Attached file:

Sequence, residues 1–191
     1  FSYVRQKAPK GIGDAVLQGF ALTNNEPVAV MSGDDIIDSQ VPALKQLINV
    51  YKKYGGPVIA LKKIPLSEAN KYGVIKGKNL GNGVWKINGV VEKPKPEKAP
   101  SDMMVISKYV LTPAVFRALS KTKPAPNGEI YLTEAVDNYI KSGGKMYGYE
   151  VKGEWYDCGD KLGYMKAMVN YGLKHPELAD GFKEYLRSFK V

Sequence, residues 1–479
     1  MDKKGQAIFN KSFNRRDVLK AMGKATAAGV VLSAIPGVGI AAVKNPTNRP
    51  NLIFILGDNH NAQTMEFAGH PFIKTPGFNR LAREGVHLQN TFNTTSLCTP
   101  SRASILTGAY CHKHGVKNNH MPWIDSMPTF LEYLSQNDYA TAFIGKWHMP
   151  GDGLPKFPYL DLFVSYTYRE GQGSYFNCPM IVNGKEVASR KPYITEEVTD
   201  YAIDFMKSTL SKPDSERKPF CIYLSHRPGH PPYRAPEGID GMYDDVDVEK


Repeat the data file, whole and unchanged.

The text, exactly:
Sequence, residues 1–191
     1  FSYVRQKAPK GIGDAVLQGF ALTNNEPVAV MSGDDIIDSQ VPALKQLINV
    51  YKKYGGPVIA LKKIPLSEAN KYGVIKGKNL GNGVWKINGV VEKPKPEKAP
   101  SDMMVISKYV LTPAVFRALS KTKPAPNGEI YLTEAVDNYI KSGGKMYGYE
   151  VKGEWYDCGD KLGYMKAMVN YGLKHPELAD GFKEYLRSFK V

Sequence, residues 1–479
     1  MDKKGQAIFN KSFNRRDVLK AMGKATAAGV VLSAIPGVGI AAVKNPTNRP
    51  NLIFILGDNH NAQTMEFAGH PFIKTPGFNR LAREGVHLQN TFNTTSLCTP
   101  SRASILTGAY CHKHGVKNNH MPWIDSMPTF LEYLSQNDYA TAFIGKWHMP
   151  GDGLPKFPYL DLFVSYTYRE GQGSYFNCPM IVNGKEVASR KPYITEEVTD
   201  YAIDFMKSTL SKPDSERKPF CIYLSHRPGH PPYRAPEGID GMYDDVDVEK